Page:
That problem is a fundamental bedrock of all human cognition. 

You know, all of our sciences and arts are built on top of our minds, the way we understand the world. So if you can build a technology that can replicate the human mind, you’ve built in some sense, the general purpose technology of human existence. It’s like the thing that there is nothing more fundamental than. 

Now I just want to make this point. So I used to be a physicist. I was a theoretical physicist for a while before I got sick of academia. And the thing I studied was kind of the fundamental stuff like quantum mechanics and general relativity and sort of foundations problems. And back then there was this unexplored dogma that we would call materialism or physicalism these days … that the reality of the universe is that it’s a bunch of physics equations and that we live in that reality. 

But there’s another way of looking at things, and I think it’s actually more clearly true, that the only thing we have is our experience. So your first person conscious experience of the world is the only thing you know is true. And everything else is built on that. 

So if you can build a machine that has that thing, you’ve built something that’s more fundamental than all of the rest of this stuff. And you can use that machine to any effect that you would use a human mind for and ultimately many more things than just a human mind can do.

John Koetsier:

Objective reality versus subjective reality. 

And of course, machines that we create embody some of our own subjective perceptions as well. Super interesting things there. 

So I still want to get into the capabilities of the thing and all that, but we’re in a very interesting space right now. You started the company in, I think it was 2018. So we’re talking five years ago or something like that now. 

How has the emergence of LLMs changed anything that you’re doing or impacted anything you’re doing?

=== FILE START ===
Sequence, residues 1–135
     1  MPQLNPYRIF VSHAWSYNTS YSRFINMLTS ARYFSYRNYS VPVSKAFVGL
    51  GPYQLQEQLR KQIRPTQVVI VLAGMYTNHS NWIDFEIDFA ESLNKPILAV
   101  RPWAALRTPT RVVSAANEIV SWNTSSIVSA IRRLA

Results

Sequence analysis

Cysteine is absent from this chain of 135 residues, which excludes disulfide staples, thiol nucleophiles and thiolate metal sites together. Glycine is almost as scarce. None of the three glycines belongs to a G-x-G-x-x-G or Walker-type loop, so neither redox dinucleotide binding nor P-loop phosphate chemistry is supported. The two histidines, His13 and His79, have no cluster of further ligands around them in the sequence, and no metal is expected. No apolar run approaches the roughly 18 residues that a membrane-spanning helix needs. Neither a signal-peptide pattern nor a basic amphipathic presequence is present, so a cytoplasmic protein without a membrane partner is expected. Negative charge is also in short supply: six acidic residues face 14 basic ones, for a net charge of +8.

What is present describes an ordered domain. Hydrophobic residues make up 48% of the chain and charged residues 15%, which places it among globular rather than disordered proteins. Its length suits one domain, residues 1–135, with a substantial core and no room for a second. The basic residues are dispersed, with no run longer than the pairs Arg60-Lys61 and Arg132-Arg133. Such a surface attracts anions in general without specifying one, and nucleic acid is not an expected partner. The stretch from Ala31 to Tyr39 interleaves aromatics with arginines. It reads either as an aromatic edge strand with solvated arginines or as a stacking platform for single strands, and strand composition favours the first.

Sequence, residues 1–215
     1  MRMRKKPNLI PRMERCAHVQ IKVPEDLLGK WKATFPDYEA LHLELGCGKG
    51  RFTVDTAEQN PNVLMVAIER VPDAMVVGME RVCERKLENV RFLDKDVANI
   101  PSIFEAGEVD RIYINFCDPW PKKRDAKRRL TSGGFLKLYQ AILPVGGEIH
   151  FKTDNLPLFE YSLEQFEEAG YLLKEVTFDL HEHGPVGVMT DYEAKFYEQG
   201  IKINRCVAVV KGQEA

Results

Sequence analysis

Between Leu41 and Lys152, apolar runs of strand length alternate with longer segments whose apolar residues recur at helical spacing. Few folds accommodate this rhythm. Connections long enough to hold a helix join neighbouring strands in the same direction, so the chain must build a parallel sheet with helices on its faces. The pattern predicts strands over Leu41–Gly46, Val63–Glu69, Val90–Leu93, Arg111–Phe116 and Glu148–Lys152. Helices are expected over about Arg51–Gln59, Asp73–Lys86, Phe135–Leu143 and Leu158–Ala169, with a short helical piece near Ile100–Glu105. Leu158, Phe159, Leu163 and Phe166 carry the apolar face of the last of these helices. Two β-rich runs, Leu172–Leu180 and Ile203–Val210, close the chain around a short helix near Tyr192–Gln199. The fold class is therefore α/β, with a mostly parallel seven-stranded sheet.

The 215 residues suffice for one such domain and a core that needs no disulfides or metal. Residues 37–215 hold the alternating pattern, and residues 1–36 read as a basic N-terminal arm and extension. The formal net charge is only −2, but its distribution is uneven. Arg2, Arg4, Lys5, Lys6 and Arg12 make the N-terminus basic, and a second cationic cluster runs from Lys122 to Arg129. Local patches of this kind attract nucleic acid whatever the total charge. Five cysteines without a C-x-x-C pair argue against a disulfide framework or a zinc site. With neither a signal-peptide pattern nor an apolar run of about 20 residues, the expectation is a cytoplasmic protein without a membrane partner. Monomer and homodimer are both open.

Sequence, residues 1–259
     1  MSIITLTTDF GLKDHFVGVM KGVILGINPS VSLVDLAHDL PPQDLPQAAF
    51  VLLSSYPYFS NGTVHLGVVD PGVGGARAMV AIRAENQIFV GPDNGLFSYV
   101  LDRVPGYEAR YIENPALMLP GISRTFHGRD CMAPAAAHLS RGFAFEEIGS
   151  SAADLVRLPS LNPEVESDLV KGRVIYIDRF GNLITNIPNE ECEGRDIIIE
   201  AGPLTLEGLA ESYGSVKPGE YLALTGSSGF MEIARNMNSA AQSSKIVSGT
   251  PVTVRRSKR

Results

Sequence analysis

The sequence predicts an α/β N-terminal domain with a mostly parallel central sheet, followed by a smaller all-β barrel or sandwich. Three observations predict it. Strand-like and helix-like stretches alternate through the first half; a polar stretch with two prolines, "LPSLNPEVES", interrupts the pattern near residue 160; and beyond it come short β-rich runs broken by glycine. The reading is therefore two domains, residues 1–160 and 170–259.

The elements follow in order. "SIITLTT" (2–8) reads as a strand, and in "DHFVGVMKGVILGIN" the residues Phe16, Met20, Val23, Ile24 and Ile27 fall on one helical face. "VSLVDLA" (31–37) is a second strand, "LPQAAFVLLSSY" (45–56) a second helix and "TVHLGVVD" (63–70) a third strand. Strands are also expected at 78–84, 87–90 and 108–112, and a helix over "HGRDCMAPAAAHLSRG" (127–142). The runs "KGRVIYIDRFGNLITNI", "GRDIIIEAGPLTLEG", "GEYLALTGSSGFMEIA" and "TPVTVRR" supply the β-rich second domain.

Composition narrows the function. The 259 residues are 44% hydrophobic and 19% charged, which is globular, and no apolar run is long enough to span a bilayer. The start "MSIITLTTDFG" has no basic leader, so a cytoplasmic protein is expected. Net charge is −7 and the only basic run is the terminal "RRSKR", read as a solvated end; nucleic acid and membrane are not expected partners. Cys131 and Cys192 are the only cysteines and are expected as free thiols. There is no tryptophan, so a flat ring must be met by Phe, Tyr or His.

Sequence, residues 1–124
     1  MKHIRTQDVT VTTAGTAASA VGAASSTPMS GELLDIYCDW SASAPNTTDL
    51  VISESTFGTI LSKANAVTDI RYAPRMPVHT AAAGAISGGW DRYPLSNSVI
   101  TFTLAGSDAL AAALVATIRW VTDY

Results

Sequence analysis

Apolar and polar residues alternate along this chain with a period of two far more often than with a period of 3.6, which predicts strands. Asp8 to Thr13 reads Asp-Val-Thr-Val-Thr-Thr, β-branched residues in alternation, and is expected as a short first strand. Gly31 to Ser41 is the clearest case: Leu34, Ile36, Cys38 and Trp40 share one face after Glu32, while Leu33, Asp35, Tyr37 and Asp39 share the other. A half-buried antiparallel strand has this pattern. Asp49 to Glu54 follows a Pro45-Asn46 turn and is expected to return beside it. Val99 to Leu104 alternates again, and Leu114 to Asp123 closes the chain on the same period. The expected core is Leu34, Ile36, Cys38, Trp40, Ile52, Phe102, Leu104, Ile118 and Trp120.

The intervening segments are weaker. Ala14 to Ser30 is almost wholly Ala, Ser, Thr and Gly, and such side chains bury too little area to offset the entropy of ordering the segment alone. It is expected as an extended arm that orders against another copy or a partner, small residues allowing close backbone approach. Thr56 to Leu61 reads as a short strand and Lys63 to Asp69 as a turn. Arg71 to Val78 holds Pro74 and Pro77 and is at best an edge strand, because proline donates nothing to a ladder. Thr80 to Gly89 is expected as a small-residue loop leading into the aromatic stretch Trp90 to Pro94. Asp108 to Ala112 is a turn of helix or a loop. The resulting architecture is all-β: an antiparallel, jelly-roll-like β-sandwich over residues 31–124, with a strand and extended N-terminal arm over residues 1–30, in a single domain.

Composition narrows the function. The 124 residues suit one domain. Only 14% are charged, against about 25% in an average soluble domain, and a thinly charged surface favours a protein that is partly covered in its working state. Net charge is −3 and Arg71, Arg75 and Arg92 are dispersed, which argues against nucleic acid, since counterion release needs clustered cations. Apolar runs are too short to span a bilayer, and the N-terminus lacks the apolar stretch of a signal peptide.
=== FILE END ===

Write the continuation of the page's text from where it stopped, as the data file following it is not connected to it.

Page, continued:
Geordie Rose:

So for us, this has been an interesting journey because I have been following that type of model a long time, you know, back to the char-rnn days, which were like more than a decade ago now, where people were building these auto regressive models where you basically like using the statistics of your input data, you protect the next token. 

So I was following them fairly closely for a long time. And I happen to know one of the key OpenAI folks who was driving their agenda, and in the early days when we were talking about this particular thing.

What struck me is how convincing and how much conviction he had that this was just going to work. And I didn’t agree with them. So my perspective was that you were gonna plateau in capability and it was going to be kind of stupid the way that the previous systems were. And it would be kind of funny if you’re writing poetry or something like that, but it would never actually do anything useful. That was my perspective. And he was like, no, I think his quote was ‘success is guaranteed.’ 

John Koetsier:


Geordie Rose:

And I was like, Oh man, I wish I could be as sure of anything as you are of this. 

And they put their money where their mouth is and they spent an awful lot of money making a bet that he and his colleagues were correct. And they were. 

So this is important because I’ve always viewed that approach as having a use case that’s not the one that people usually think of. The use case I’m interested in, or I have always been with that technology, is something called task planning. 

So if I give you a goal, like, I don’t know, please make me a sandwich, then you have to decompose the goal into steps.

John Koetsier:

Hundreds of steps!

Geordie Rose:


And the steps have to both lead to the objective, but they have to be kind of sequential and they build on each other. So they have what are called pre and post conditions, each step. So for example, if, if one of the steps is slice the tomato, there’s a pre-condition that you have a knife in your hand, which is a pre-condition that you grasp the knife and so on, and you can work back these pre-conditions all the way

John Koetsier: